10 Discussion Notice that in the translation, “England” is substituted for “France.” As one of Delia Chiaro’s French colleagues pointed out to her, “Why would someone French want to go to England?” (Chiaro [2008]: 587)

11 German Humor Between 1931 and 1936 The Jack Pearl Show was on radio. Baron von Munchausen was the central figure in a running skit. The Baron spoke with a strong German accent that contrasted with the ordinary language of Charlie (Sharlie). (Nilsen & Nilsen 102)

12 BARON: Und dere in frundt of me wuz a green elephant.
SHARLIE: Now wait a minute, Baron; do you mean to tell me you actually saw a green elephant? BARON: (with great indignation) Vas you dere, Sharlie? (Nilsen & Nilsen 102)

13 Irish and Jewish Humor “Since Irish humor developed out of the oral tradition (the telling of jokes and stories in Irish pubs), it is very epiphinal in nature.” “Like Jewish humor, Irish humor developed out of pain and tragedy that resulted in a diaspora.” (D. Nilsen Humor in Irish Literature xv)

14 “Irish humor, like Jewish humor, contains much wordplay, and like Jewish humor, much of Irish wordplay is bilingual and/or bicultural, relating to both the Gaelic/Celtic and to the English language and culture.” Many Irish, like many Jews, “are trying to reestablish their roots, and it is the humor in Irish written and oral literature that is helping them to do so.” (D. Nilsen Humor in Irish Literature xv)

15 Italian Humor In the late 1970s, comedian Don Novello spoke with an Italian accent and dressed in clerical garb when doing comedy skits about Farther Guido Sarducci. He was a hit on Saturday Night Live and on The Smothers Brothers Comedy Hour, but when he went to the Vatican to pose for publicity photos he was arrested for impersonating a priest. (Nilsen & Nilsen 115)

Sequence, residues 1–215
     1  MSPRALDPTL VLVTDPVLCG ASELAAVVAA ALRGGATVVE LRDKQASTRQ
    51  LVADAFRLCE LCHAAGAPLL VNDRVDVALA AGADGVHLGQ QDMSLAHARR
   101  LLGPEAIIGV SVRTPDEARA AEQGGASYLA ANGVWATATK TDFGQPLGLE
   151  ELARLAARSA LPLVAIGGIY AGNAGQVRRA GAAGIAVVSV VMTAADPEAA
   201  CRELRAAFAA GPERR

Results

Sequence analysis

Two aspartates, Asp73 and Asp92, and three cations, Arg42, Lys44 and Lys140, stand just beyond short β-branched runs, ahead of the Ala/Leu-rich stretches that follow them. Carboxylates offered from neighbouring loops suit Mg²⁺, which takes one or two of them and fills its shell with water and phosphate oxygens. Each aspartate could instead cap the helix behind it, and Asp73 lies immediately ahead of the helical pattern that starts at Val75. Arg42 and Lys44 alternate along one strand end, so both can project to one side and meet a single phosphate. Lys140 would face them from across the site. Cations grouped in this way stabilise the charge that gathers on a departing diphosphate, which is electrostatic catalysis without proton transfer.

16 An Irish Joke in Italy What do they write on the bottom of Guinness bottles in Ireland? Open at other end. TRANSLATION: Che cosa scrivono sul fondo delle lattine di Coca Cola che si trovano nei distributori di bibite nelle caserme dei carabinieri? Aprire dall’altro lato. (Chiaro [2008]: 583)

17 Discussion The Irish are the butt of English stupidity jokes, so a different stupidity group needs to be used in Italian. In Italy, the stupidity group is not ethnic, but is professional—the carabinieri (one of Italy’s police forces). There is no national drink in Italy. Furthermore, Italians consume alcohol usually at meals and from glasses, not bottles. So “Coca Cola” is used instead of Guinness. Finally, Italians see a bottle as having a top and a bottom, so “bottle” had to change to “can.” (Chiaro [2008]: 583)

18 Now reread the joke and the translation!
What do they write on the bottom of Guinness bottles in Ireland? Open at other end. TRANSLATION: Che cosa scrivono sul fondo delle lattine di Coca Cola che si trovano nei distributori di bibite nelle caserme dei carabinieri? Aprire dall’altro lato. (Chiaro [2008]: 583)